Time can be a sensitive issue. It can seem as scarce as water during a draught. We find ourselves grasping for more, trying to buy more, or hoarding what we have even as it slips through our fingers. This is especially the case when we consider time as currency. We're well acquainted with the concept of an hourly wage. All we need to do is look to our wrists, our phones, our computer screens, or a nearby wall to learn where we must be next, how much money (or time) someone owes us, or get stressed when we realize where we should have been 15 minutes ago.
One frustrated client recently had this to share: "I feel so over-scheduled, my kids and and I are always going from one place to the next. My daughter just wanted to put on her roller skates after school and play, and I hated to tell her no. We always have some other place to be, and I'm sick of it!"
She's sick of it.
Indeed, in the larger framework of our discussions, she came to me seeking help because she isn't well. Her doctors can find nothing remarkable about her labs, but she knows she's sick. She'd just admitted it to me herself!
What I heard in this discussion is my client asking for more time. But unfortunately, if she were handed more time, like an unrecovered addict with a sudden windfall she would fill up her extra hours as quickly as they were bestowed upon her. What she needs goes beyond more time. She needs space.
We must recognize that the only way to "create" more time for ourselves is to take more space.
Living in the Big Apple for the past 15 years has taught me how to claim my physical space — what little there is for each of us to share. I'm adept at living in a compact home, sharing a crowded train, and working in close quarters. But allowing for time-space involves a more thoughtful practice.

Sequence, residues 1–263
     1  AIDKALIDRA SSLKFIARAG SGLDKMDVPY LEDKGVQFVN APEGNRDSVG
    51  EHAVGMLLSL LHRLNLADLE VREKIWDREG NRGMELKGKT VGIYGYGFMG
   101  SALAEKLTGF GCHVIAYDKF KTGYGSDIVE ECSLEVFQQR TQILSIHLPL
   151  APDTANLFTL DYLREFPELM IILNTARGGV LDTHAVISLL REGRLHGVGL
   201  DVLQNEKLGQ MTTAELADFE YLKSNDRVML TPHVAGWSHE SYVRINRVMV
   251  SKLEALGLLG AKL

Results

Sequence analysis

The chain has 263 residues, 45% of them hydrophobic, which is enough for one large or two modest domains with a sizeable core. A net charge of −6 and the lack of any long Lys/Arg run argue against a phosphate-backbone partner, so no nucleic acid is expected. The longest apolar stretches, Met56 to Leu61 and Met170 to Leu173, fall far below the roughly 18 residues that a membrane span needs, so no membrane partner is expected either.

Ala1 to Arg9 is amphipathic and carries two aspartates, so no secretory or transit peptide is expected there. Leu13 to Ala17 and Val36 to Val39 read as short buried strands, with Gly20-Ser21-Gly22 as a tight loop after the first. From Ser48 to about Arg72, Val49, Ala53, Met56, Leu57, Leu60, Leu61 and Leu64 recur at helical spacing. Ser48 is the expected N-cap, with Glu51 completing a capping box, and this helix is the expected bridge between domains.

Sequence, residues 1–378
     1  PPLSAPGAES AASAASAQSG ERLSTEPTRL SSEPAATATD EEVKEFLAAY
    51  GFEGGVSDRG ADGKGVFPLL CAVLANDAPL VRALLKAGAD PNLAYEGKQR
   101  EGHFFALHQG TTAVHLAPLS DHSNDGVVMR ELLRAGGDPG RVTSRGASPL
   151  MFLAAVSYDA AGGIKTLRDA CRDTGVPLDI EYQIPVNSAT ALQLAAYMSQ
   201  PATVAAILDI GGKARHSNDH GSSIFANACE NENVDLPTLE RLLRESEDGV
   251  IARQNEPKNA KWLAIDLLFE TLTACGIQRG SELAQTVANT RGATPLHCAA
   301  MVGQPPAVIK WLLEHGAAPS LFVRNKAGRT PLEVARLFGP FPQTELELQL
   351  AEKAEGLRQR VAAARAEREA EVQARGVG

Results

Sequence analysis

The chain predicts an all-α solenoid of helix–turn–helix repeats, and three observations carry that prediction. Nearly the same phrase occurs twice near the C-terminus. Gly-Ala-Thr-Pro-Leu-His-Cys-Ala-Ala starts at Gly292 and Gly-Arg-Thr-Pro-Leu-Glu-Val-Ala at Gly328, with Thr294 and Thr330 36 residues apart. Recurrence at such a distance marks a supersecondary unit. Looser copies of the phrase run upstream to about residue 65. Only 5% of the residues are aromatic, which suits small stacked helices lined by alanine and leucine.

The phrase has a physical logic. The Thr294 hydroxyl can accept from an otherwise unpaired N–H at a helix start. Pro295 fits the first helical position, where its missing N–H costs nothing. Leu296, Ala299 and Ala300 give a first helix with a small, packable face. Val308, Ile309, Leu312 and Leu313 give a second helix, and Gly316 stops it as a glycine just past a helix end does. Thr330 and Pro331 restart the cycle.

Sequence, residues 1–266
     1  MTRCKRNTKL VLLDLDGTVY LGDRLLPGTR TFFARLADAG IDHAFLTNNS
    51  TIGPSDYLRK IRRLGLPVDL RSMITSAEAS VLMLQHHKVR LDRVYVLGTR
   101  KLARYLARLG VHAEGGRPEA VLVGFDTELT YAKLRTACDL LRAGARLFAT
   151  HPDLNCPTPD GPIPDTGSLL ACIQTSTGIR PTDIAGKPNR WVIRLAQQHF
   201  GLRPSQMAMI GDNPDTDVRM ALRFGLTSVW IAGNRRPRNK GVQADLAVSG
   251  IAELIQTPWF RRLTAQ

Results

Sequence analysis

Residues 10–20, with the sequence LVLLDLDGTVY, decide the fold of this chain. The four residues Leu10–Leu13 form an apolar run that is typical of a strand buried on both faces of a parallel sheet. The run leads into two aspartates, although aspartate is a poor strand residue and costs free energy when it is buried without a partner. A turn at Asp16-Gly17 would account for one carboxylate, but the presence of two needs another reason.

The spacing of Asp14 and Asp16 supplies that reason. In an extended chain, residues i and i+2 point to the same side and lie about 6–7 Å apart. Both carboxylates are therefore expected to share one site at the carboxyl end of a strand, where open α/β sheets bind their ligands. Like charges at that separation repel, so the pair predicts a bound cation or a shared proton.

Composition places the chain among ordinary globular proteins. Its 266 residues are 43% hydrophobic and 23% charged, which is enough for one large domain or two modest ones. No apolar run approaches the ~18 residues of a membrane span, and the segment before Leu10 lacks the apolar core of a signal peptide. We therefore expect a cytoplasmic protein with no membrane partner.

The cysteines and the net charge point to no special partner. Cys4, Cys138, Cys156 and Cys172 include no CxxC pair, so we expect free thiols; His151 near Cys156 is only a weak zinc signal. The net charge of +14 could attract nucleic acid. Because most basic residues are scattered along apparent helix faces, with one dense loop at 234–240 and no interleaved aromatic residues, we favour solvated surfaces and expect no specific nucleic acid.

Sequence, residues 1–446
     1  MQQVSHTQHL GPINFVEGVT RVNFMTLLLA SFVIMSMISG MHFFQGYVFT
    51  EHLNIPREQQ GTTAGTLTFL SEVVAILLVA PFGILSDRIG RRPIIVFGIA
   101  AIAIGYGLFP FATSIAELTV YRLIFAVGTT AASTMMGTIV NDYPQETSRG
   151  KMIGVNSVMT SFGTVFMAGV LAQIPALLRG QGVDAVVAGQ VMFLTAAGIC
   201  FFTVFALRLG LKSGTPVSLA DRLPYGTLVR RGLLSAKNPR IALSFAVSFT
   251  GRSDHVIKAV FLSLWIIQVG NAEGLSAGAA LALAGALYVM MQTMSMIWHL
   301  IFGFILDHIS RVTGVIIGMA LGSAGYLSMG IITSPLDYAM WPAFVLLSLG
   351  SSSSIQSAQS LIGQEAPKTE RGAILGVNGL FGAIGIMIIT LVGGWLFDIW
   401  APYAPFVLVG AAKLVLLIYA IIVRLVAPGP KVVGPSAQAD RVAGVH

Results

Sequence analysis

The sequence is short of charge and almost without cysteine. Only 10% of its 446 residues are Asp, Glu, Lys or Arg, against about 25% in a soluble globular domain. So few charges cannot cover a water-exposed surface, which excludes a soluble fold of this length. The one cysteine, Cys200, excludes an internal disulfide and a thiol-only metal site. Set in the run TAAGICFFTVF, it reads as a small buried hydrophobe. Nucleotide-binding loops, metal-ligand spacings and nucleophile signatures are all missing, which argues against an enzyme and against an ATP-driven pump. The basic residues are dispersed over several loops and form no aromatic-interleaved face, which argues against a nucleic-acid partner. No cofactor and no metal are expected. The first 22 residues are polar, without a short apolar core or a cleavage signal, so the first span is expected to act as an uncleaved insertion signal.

In yoga, one of the first things we do is roll out a sticky mat. This act alone does not take a lot of time, just a few seconds. And it's not very big, so it doesn't use a lot of space. But the intention from that first moment is already set, whether you're in a class, at home, in a gym, dressing room, or office. By unrolling and stepping onto your mat, you're designating time-space for yourself.
“I want to try yoga but I don’t have the time!”
I hear this often. The time you spend on the mat is hardly relevant. As B.K.S. Iyengar teaches, during the time you spend on the mat, you'll have created more space in your body's joints, muscles and connective tissue. You will also have a greater awareness of how your body exists in space. You will have turned your attention to how you feel. You might end up thinking of all the things you have to do after you leave your mat, but for now, this is where you are.
Yoga isn't the only activity with the key to time-space. Walking outside in nature has a similar effect. While walking on a treadmill is great for some exercise, it has a definitive end, something you can cross of your to-do list before charging into the next activity.
Another, albeit less desirable, way your body and mind ensure you have time-space is by getting sick. You take the day off work. You gather together whatever you need to help you feel better, wrap yourself in a blanket, and wait. Time-space is created.
I have a new baby at home, and I find it difficult to schedule much of anything. I never know when my daughter will need to sleep, or will be hungry, or just needs some quiet time to herself. One thing Gracie knows instinctively, though, is that she has nothing but time; in years to her life, and in minutes to her day. She has, and requires, an abundance of time-space. She teaches me to guard that time-space on her behalf carefully.
If you're looking for activities that create time-space, here are a few I put together: